I have a date tonight!
Before all you single women between the ages of 50 and 65, financially stable and attracted to a smart-ass hermit, swoon in disappointment, the date is with a man, an octogenarian who looks 70. Francis and I belong to the same secret club, and we’re to have pizza before a conclave of the organization. I use the word “date,” though, because I have to prepare for it. Life in the Tiny White Box is a lot of things—peaceful, productive and placid, to use just one letter—but including running water isn’t listed there. It’s now a little before noon, and I’ll spend a couple hours making up for that lack.
My previous lives have always included 20 to 30 minutes in the morning—shaving with lots of steaming water, long showers that include scrubbing every inch of my body, even between my toes and relaxing with the smells of shampoo and conditioner, and the toweling off–almost as refreshing in its own way. The Tiny White Box has erased all that.
While I’ll describe my date-night work shortly, let me first tell you about a typical morning. After Sam (is a dog) and I have walked a few miles, we return for a bowl of Iams, or whatever dog food is in the cabinet, and one of oatmeal. I heat up a quart or so of water, drop a dry washcloth into it, and proceed to what my father used to call a “whore’s bath,” but which I prefer to think of as a sex-worker’s routine: I wipe down my face, my armpits and groin, and finish by drying off with a towel. It’s not energizing, revitalizing or relaxing; it’s just maintenance. I drag a brush through my hair, usually pushing it back into a poor-man’s pompadour, and move on with the day. (Long-time readers will remember I gave up shampoo in August, and I can report the benefits are real: My hair is never greasy, even after wearing a watch-cap for a long walk.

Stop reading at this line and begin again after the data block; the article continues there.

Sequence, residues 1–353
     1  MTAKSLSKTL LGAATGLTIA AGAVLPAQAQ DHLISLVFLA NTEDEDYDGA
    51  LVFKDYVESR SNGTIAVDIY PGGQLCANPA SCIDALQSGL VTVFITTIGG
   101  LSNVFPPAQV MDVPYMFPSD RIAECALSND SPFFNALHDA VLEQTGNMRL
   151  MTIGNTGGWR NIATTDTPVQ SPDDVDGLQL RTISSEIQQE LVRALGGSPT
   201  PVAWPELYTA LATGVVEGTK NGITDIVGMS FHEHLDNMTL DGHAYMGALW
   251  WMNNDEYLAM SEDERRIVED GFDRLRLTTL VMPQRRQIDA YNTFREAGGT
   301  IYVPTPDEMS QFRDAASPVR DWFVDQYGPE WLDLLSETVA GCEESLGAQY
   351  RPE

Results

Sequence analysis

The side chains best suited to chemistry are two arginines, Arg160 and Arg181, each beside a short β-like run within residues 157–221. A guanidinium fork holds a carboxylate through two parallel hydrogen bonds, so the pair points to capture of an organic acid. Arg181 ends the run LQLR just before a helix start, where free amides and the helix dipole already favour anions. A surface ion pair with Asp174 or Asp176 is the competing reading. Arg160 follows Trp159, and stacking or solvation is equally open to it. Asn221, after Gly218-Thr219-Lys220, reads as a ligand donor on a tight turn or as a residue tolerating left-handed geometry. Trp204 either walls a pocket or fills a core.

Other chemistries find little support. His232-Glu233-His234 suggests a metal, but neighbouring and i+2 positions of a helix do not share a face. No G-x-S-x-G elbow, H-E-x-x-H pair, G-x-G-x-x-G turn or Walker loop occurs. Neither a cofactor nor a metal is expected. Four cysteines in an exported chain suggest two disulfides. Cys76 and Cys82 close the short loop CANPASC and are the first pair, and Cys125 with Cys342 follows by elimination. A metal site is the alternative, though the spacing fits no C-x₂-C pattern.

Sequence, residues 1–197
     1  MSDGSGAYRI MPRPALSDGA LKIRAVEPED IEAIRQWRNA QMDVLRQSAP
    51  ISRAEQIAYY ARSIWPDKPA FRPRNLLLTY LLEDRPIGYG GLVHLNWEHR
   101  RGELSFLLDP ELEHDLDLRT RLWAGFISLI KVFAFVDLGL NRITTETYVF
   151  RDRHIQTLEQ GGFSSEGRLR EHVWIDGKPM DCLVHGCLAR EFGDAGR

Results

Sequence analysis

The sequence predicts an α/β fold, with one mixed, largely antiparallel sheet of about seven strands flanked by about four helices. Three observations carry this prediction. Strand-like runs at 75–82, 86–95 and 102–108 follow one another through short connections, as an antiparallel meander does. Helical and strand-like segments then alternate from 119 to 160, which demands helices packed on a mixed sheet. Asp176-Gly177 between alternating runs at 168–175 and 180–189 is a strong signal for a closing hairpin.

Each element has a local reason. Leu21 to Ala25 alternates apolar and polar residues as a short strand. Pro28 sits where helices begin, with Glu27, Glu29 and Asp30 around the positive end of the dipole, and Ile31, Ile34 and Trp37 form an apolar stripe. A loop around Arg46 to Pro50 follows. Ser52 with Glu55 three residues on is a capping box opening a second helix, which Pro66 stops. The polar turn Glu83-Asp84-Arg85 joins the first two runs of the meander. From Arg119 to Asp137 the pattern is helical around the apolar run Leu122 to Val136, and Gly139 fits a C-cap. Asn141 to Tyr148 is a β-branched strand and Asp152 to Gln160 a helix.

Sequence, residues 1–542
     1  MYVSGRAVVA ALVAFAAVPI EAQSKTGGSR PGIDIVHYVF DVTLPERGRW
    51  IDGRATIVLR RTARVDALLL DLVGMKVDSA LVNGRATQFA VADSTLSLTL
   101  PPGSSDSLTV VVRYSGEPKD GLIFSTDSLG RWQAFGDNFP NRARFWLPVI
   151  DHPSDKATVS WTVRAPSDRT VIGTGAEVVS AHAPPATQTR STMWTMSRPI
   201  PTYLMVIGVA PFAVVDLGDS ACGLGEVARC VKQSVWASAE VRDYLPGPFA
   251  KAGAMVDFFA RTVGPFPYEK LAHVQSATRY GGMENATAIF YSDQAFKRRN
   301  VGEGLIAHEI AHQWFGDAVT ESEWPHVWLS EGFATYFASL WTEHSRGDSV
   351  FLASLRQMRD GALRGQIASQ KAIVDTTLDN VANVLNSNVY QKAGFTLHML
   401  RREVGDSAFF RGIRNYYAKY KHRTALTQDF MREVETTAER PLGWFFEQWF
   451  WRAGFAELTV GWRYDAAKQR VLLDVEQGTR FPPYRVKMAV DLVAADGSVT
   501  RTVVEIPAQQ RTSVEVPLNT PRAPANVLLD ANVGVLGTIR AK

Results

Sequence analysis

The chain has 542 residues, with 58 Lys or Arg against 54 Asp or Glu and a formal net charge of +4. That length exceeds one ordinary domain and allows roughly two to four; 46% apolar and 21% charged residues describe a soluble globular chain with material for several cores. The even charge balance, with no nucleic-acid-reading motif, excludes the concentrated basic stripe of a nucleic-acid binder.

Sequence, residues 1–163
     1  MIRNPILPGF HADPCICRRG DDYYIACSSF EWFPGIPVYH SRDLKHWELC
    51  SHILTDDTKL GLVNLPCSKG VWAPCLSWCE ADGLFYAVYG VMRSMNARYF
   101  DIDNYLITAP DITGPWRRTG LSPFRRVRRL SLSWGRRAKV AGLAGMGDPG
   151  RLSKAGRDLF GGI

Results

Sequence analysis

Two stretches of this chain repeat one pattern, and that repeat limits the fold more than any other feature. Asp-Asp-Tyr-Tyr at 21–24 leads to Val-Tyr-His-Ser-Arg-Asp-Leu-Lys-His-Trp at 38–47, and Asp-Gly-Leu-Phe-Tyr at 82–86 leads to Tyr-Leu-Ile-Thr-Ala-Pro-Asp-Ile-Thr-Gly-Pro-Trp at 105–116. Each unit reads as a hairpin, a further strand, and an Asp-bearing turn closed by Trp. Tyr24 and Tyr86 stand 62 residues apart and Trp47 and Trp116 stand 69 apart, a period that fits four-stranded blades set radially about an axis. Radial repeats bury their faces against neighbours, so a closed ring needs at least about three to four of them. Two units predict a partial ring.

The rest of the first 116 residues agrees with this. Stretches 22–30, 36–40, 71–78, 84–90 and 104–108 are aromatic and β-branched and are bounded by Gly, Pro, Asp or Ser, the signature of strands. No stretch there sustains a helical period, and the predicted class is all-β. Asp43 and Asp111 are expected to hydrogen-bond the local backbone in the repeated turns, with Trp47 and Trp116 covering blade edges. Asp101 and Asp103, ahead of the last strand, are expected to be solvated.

Because I’m meeting Francis this evening, though, I’ll be going through the whole shebang, doing roughly what my great-grandparents likely did a hundred and twenty-five years ago. As I write this, I have a large kettle of water on the electric heater turned to high. This will warm the water and also turn the Tiny White Box into a sweat lodge, necessary because it’s 20 degrees outside, where part of the ceremony will take place.
Once the kettle water is warm, I’ll use the microwave to boil a quart of water. Stripping naked to the waist, I’ll wash my face using the warm water and soap, followed by doing the same to my upper body. After rinsing, I’ll apply shaving cream, and get the boiling water out of the microwave to shave my neck. (For the Turkish award last month, I shaved all my face, but the beard is now returning. Never having been a Yasser Arafat fan, though, I do like to make facial hair appear a conscious effort, not just hirsuteness run amuck.)
After toweling off, I’ll combine more of the warm water with baking soda, forming a very wet paste to replace shampoo, and pour the rest of the warm water into a large metal vase. It’s here things get dicey, because I need to go outside, wet my hair, massage the baking-soda paste into my scalp, hope ice crystals don’t form, and rinse off with the remainder of the water—all while trying not to get water, baking soda or both on my pants or shoes. Whether I’m successful in this goal or not, I rush inside the hot Tiny White Box and towel my head vigorously.
To return to the attractive single women, aged 50-65, financially stable and attracted to a smart-ass hermit: If I’m willing to do all this for Francis, a man in his 80’s, think of what I can do for you.